It is hard to be the worst regular in the NHL for any lengthy period of time. If you play too poorly, you will lose your spot in the NHL. If you play too well, you won’t remain the worst regular for long. I think it is an interesting thing to track such a player, in order to see which kind of player keeps getting a chance to play regularly despite failure. Usually come season’s end, the “winner” in this particular race is a goon or a fourth line “energy” player who is popular, hard working and totally ineffective. It takes a while for a player like this to show his ineptitude because he doesn’t have as much ice time as frontline stars. Thus, usually in the early parts of the season, I pick a “name” player who is failing as the worst player in the league so far.
Earlier this season, Marc-Andre Fleury took this dishonor. Fleury may be overrated, but he is a proven NHL goalie and it is no surprise that he soon improved his game.
Once again this year, the West Conference is playing better hockey than the East Conference. This story has been repeated for the last several years. This year, West Conference teams have a record of 49 wins and 39 losses with 10 regulation tie points (as the NHL reports things this is a 49-29-10 record). This is a slightly better pace for the West Conference than was accomplished last year and last year was an improvement on the year before. The discrepancy between the West and East Conference is getting bigger.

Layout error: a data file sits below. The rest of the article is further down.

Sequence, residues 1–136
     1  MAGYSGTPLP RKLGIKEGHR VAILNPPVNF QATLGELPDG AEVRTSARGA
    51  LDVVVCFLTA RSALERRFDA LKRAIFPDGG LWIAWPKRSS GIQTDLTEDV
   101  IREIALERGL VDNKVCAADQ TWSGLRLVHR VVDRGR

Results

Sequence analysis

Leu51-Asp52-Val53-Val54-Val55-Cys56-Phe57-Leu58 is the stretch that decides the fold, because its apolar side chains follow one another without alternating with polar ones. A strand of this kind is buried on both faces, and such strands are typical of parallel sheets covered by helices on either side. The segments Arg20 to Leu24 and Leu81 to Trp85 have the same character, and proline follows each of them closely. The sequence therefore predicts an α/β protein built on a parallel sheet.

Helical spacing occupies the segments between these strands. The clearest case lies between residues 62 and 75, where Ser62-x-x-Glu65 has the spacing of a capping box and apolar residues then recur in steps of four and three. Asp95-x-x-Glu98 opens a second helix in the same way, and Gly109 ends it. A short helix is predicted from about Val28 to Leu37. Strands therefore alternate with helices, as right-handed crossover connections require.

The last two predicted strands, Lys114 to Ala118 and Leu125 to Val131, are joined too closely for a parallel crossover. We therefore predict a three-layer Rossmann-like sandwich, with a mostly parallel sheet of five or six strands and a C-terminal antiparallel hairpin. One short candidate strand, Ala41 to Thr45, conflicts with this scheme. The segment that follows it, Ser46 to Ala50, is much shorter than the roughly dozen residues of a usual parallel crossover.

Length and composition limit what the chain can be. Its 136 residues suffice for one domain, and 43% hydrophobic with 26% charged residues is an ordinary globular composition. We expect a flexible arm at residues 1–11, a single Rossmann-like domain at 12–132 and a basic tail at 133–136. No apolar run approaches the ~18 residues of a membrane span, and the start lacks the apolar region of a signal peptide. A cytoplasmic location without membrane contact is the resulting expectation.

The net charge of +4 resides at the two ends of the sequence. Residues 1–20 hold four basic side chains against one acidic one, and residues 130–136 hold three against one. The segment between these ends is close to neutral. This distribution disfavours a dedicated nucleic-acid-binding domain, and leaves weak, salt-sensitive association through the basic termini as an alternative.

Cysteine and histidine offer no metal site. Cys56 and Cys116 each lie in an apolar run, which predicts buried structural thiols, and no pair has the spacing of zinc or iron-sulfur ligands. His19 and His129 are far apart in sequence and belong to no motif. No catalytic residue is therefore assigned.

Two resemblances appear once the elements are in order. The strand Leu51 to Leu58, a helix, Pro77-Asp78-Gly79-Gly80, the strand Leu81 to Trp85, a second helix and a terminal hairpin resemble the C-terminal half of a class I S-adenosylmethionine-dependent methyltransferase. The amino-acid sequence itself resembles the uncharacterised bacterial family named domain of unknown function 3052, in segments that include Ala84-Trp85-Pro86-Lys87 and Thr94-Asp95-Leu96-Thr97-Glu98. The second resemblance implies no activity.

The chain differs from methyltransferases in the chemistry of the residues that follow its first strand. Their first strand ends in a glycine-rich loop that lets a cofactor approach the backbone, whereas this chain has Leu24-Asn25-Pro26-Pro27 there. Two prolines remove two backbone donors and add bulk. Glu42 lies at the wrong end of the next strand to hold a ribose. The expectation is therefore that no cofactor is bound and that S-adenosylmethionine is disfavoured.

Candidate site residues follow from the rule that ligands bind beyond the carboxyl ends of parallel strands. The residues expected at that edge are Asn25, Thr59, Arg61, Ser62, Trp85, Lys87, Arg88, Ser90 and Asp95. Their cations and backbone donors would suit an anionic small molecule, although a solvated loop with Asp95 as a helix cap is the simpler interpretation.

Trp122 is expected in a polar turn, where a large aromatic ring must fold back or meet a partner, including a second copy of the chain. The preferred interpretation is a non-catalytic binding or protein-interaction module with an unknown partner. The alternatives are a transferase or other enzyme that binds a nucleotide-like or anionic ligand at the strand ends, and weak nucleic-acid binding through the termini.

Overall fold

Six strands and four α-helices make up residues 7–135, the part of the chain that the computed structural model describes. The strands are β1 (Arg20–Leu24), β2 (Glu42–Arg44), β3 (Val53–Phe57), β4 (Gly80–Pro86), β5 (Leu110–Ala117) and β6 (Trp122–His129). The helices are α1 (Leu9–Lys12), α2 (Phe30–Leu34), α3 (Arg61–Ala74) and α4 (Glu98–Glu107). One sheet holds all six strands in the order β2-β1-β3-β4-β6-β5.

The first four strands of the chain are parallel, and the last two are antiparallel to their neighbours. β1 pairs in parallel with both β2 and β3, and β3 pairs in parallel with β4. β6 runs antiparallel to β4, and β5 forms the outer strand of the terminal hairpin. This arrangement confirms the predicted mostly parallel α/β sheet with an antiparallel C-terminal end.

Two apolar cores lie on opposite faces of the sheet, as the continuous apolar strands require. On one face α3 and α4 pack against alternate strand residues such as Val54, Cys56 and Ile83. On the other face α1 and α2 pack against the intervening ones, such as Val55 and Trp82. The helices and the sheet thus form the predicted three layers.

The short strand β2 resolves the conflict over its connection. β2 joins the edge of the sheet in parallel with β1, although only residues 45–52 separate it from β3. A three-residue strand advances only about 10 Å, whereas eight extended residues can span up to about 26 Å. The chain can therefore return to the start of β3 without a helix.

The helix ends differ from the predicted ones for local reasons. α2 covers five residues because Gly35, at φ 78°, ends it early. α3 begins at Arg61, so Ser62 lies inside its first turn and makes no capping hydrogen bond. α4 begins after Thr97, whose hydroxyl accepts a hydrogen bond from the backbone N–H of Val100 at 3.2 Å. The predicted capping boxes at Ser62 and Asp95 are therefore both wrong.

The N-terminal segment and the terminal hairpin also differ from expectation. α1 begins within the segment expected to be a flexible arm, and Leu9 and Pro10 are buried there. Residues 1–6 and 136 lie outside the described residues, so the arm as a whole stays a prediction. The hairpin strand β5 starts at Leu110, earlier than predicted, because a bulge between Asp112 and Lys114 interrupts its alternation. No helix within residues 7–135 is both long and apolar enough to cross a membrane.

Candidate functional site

I explain this as a reaction to the travel discrepancies in the NHL. Travel makes life harder for West Conference teams than for East Conference ones. West Conference teams log more miles over the course of a season and it catches up to them.
The Florida Panthers have a 7.5% power play success rate through about a quarter of the season. This is unsustainably bad. Last season, the Toronto Maple Leafs had the worst power play in the league, with a 14.0% success rate. Florida was second worst at 14.2%.
In fact, Florida has only scored five power play goals all season. Two were scored by Dennis Wideman and one each by Bryan McCabe, Michael Frolik and Steve Reinprecht. One two power play goals have been scored by Florida forwards.
About The Puck Stops Here
Who am I? A diehard hockey fan.
Why am I blogging? I want to.